It is worth re-reading the Home Office’s report from September 2020 on drivers for migration journeys, which states:

“many asylum seekers have little to no understanding of current asylum policies” and “Restrictive migration policies may increase the number of applicants that fall into irregularity, displacing them into more dangerous and exploitative routes (such as trafficking).” Despite this, in relation to the risk of indirect discrimination on the grounds of the characteristic of sex, the assessment states that “The net effect of this will be a reduction in risks of sexual exploitation in the UK, since the individuals will no longer be brought into the UK.”

The sections on race, sex and sexual orientation are particularly troubling, as they focus on the risks of these groups being exploited and trafficked, yet the blame for this is placed very firmly on the victims as the conclusion is that “[a]ny differential impact is as a result of a person’s conduct and is justified and proportionate in order to achieve the legitimate aim of controlling migration and reducing crime”.

The risk of indirect discrimination is also accepted in relation to religion and belief and disability but the assessment states that this will be mitigated through various measures, including training of staff and making interpretation available, or otherwise dismissed on the basis that any differential impact is justified and proportionate.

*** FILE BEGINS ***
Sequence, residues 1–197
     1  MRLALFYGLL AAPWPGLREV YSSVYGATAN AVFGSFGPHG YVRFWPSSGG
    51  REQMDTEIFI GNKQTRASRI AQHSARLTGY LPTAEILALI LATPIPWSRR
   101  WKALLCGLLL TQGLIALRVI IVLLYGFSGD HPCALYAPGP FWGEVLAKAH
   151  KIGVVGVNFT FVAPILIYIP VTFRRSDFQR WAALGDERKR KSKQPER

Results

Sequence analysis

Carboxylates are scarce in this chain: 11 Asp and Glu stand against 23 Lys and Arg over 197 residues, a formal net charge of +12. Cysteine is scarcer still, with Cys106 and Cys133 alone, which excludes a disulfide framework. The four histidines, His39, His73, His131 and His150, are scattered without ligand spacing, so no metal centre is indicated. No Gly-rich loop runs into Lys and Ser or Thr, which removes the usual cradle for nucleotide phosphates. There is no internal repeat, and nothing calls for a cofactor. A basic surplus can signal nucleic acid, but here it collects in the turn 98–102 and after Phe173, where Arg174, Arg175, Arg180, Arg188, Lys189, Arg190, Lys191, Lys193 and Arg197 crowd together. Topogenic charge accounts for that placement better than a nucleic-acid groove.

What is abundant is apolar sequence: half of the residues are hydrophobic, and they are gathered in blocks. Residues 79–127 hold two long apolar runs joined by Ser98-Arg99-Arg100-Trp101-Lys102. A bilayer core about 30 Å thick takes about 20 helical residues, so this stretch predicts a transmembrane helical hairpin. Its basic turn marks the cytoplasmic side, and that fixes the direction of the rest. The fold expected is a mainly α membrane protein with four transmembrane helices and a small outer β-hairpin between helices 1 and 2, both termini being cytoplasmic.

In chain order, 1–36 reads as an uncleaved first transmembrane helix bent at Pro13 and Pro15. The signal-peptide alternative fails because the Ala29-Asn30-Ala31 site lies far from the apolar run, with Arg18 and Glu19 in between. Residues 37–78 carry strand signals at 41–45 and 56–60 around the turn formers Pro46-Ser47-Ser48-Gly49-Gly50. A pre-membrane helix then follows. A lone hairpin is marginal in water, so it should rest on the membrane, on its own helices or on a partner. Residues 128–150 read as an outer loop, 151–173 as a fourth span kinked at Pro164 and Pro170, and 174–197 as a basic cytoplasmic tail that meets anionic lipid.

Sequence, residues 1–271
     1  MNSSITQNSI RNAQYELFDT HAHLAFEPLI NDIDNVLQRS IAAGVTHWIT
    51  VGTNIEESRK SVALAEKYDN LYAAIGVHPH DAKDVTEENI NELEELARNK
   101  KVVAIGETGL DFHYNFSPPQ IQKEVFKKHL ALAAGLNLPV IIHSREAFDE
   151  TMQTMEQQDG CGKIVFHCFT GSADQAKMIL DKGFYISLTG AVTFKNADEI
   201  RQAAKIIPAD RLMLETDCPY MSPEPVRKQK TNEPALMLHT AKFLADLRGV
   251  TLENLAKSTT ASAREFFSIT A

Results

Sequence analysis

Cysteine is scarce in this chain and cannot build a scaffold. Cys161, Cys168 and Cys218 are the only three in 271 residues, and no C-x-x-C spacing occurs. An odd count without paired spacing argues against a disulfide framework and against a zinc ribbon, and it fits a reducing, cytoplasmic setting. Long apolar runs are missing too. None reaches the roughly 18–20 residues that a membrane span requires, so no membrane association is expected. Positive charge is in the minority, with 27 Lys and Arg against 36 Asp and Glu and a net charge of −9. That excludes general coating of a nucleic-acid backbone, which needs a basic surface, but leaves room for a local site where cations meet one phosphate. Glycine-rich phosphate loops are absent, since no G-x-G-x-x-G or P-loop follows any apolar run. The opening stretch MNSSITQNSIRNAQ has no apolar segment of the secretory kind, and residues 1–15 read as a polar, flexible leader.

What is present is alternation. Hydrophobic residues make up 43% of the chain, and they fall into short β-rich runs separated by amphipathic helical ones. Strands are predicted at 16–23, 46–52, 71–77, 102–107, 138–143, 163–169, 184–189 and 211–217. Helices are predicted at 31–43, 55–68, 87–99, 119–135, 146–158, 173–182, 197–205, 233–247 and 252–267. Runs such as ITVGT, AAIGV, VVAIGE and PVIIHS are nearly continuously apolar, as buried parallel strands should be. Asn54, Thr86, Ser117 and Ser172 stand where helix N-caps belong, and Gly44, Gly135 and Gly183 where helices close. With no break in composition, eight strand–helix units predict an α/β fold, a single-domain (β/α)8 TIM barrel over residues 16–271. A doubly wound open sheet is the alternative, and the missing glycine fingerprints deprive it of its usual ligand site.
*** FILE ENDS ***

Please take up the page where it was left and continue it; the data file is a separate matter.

In relation to pregnancy and maternity, the Home Office states that “[d]ata on pregnancy and maternity in relation to people who enter the UK illegally is not available”. They then rely on this lack of evidence to conclude that “[i]n the absence of evidence to the contrary and taking into account the mitigation above, the Department does not consider the Bill will indirectly discriminate against people based on pregnancy or maternity”.